Published in issue no. 08/2013 of Photography Masterclass Magazine
We speak to renowned dutch photographer, Bas Meelker, whose clients include Brands like National Geographic, Canon as well as several conservation and advertising agencies.[blockquote align=”center”]Having the right references is crucial, so study the work of the great masters. Surely they had to be doing something right?[/blockquote]
I’m a Dutch full time landscape and nature photographer. Born in Groningen, The Netherlands in 1972, I spent most of my life in the north of Holland. Living in this flat, open country, surrounded by some of the most beautiful nature reserves in the Netherlands, laid the foundation for my unbridled passion for nature and landscapes. I’m also a writer, workshop leader and speaker and my images and articles are regularly featured in national and international media.
Landscape and nature photography, mainly from the Netherlands. I think my style can best be described as bold, wide, and full of colour and balance. I’m greatly influenced by the famous Dutch light.
To keep doing what I love most, being out there exposing and enjoying nature and the outdoors. I’m also working on the release of a new book, and I would love to travel a bit more!
In 2002 I owned a small web design company next to my regular job as an internet marketer. A client asked me to make some simple images for his new website and that’s when it all started. I was an absolute newbie and had no prior photography skills whatsoever, but I said yes. How naive can a man get, right? But I was hooked and combined with my passion for nature and the outdoors, there was no turning back. In 2004 I decided to pursue a career in landscape and nature photography.
It comes from everywhere. Sometimes it feels like my head is going to explode. I went to Scotland last year and came to the conclusion I needed three lives to photograph every single good location I came across. I have a lifetime passion for wide open spaces, nature and natural light. But my inspiration also comes from ideas I get from seeing work from other photographers, workshop students, internet, television, music, books, or a simple walk in the park. Oh, and taking a long shower is always a good way to develop new ideas!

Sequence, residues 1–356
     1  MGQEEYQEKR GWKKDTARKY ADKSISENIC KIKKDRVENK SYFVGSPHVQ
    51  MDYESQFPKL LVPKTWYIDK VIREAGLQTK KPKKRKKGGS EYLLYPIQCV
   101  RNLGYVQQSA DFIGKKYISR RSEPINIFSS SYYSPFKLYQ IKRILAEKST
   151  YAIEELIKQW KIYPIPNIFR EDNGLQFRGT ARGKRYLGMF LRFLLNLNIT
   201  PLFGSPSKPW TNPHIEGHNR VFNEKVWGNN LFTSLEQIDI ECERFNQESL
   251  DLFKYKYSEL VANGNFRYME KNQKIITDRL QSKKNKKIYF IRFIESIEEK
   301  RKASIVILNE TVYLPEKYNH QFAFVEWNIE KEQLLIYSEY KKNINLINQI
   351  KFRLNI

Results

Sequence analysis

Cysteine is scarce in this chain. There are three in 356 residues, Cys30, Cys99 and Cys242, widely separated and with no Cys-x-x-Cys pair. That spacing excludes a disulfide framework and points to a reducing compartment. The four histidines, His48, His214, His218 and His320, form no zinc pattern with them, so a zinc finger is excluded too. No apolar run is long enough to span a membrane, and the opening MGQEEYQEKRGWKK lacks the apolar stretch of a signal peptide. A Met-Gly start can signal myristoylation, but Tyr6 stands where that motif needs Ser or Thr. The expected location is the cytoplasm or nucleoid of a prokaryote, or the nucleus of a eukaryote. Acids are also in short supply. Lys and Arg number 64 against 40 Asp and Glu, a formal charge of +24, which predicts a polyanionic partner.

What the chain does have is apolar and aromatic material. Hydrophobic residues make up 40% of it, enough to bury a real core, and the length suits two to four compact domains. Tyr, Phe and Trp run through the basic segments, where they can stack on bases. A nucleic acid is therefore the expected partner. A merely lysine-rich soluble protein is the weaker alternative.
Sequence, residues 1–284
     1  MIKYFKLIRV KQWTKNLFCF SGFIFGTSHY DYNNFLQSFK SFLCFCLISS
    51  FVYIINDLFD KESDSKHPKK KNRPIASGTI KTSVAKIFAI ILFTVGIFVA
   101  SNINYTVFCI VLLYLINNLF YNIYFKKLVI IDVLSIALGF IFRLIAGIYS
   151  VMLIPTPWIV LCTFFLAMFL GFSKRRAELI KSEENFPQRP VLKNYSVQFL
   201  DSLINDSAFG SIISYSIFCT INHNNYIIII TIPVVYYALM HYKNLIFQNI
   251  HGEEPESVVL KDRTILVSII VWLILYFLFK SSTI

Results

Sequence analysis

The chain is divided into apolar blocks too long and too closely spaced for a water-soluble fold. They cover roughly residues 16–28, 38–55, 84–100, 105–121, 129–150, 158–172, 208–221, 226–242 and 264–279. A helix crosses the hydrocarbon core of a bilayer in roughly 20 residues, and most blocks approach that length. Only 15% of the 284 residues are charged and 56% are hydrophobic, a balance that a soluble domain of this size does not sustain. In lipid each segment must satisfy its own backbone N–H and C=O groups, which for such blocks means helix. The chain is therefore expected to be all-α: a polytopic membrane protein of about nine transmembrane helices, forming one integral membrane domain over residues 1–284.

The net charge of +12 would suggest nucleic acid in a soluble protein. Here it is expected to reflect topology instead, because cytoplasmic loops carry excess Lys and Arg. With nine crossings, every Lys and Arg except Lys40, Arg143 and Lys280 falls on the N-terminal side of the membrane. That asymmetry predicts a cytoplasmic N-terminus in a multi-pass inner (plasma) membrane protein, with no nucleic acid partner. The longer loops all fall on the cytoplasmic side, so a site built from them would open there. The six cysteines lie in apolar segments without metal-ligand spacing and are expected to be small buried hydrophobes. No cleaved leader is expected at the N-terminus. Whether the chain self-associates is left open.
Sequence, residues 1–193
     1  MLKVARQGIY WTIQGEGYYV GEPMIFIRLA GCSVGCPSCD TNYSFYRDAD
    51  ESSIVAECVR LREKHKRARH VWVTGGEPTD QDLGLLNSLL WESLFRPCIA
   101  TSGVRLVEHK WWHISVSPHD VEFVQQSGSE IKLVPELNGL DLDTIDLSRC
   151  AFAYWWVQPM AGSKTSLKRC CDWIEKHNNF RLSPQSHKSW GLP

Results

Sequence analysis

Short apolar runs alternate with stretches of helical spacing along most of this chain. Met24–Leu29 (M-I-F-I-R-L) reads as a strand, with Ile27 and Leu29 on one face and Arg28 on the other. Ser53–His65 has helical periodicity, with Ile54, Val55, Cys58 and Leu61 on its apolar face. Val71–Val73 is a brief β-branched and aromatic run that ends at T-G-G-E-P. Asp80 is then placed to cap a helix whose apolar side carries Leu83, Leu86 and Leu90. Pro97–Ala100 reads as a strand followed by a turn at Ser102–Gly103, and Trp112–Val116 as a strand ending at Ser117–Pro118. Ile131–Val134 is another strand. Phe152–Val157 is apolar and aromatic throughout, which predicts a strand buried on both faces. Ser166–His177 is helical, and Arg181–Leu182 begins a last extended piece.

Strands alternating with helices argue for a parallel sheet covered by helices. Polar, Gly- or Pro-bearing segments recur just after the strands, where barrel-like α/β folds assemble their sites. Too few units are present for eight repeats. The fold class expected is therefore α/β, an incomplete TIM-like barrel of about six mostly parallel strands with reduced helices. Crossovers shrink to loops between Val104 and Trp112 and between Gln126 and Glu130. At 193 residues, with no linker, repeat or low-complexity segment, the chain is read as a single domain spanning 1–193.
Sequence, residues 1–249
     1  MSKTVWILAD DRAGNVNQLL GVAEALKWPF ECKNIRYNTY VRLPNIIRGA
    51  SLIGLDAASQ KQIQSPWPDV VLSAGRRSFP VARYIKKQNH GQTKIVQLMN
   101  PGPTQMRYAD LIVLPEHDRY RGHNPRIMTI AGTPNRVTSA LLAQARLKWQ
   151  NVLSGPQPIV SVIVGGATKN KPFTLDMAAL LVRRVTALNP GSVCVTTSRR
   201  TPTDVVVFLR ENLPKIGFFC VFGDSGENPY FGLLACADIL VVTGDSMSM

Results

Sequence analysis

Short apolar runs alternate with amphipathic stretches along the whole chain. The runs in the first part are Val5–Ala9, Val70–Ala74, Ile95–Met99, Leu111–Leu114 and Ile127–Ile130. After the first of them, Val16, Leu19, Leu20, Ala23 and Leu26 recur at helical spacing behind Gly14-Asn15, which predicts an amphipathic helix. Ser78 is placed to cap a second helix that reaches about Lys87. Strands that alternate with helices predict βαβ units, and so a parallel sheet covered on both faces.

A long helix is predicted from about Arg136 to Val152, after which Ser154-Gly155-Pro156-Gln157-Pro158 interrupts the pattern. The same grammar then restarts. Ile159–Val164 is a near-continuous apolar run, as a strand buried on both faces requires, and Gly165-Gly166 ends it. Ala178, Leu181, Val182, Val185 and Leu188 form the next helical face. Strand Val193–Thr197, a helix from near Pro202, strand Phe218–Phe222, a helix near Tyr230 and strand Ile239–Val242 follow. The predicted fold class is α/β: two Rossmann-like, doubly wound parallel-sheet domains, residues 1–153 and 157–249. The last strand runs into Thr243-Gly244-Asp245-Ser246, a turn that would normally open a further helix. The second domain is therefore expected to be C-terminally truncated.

Turning full time pro in 2008 was a milestone. I’ve also won several awards ,but having Canon use several of my images to promote their photographic equipment was also a big moment for me. It gave me the confidence that I was able to perform at a certain level as a photographer. My first assignment for National Geographic was also a pretty special one!
I don’t really have a favourite, but there are some images I’ve grown pretty fond of. ‘Into the Forest and ‘Calm Morning’ were one of the first successful landscape images I made. They turned out to be stepping stones in launching my career as a landscape photographer. But as every photographer would say, ‘the best has yet to come!’
I use Canon Equipment. My main body at the moment is the Canon EOS 5D Mark III. I use several lenses such as the 16-35mm f/2.8 L II, the 24-70mm f/2.8 L II and my old and trusted 70-200mm f/2.8 L. But I also use tilt and shift lenses and I still use my 500mm f4 L IS for some landscape work. I use all kinds of accessories like Lee ND graduated filters, Lee polarizers and ND filters, remotes, panoramic heads and leveling bases and Gitzo tripods.
That’s a tough one. I have often thought about a digital medium format system but I am in love with the 35mm format, its portability and reliability. I would love to see a filter-holding 14- 24mm lens from Canon though. Or a 40-50 mp 5D without an anti alias filter.
I know it’s a cliché but it’s my car. Without it, I wouldn’t be able to get to my locations and do my job. It’s vital for my everyday work. Other than that, it has to be my filter set. It’s a tight first with my weather apps on my iPhone though. Having a constantly updated, pretty reliable and mobile weather forecast is a big help in everyday planning.
Be stubborn and persistent. Believe in your own creativity and make sure you’re out there exposing every single possible minute. Also make sure you know what makes a good image great. Know what a truly great landscape image is, understand what makes it great and master it. Having the right references is crucial, so study the work of the great masters. Surely they had to be doing something right. Find out what it is and use it to develop your own style. One last advice: always make sure your passion for your subject is bigger than your passion for photography.